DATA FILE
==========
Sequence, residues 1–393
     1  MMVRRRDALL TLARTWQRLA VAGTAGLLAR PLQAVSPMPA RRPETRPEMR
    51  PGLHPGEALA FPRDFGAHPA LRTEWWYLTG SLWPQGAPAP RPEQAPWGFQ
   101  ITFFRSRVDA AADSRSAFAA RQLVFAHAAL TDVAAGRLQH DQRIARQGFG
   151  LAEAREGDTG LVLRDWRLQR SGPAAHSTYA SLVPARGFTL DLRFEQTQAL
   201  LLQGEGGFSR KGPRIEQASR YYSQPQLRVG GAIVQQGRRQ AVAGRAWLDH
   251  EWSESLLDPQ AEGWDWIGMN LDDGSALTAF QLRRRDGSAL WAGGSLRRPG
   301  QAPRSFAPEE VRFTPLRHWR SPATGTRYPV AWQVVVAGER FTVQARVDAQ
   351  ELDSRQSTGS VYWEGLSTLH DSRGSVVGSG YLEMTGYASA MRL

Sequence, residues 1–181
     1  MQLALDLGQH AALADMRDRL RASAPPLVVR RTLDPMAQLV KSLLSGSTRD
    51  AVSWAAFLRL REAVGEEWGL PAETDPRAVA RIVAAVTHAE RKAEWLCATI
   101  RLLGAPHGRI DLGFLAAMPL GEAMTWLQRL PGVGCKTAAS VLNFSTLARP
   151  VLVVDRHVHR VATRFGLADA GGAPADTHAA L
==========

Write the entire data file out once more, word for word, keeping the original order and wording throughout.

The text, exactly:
Sequence, residues 1–393
     1  MMVRRRDALL TLARTWQRLA VAGTAGLLAR PLQAVSPMPA RRPETRPEMR
    51  PGLHPGEALA FPRDFGAHPA LRTEWWYLTG SLWPQGAPAP RPEQAPWGFQ
   101  ITFFRSRVDA AADSRSAFAA RQLVFAHAAL TDVAAGRLQH DQRIARQGFG
   151  LAEAREGDTG LVLRDWRLQR SGPAAHSTYA SLVPARGFTL DLRFEQTQAL
   201  LLQGEGGFSR KGPRIEQASR YYSQPQLRVG GAIVQQGRRQ AVAGRAWLDH
   251  EWSESLLDPQ AEGWDWIGMN LDDGSALTAF QLRRRDGSAL WAGGSLRRPG
   301  QAPRSFAPEE VRFTPLRHWR SPATGTRYPV AWQVVVAGER FTVQARVDAQ
   351  ELDSRQSTGS VYWEGLSTLH DSRGSVVGSG YLEMTGYASA MRL

Sequence, residues 1–181
     1  MQLALDLGQH AALADMRDRL RASAPPLVVR RTLDPMAQLV KSLLSGSTRD
    51  AVSWAAFLRL REAVGEEWGL PAETDPRAVA RIVAAVTHAE RKAEWLCATI
   101  RLLGAPHGRI DLGFLAAMPL GEAMTWLQRL PGVGCKTAAS VLNFSTLARP
   151  VLVVDRHVHR VATRFGLADA GGAPADTHAA L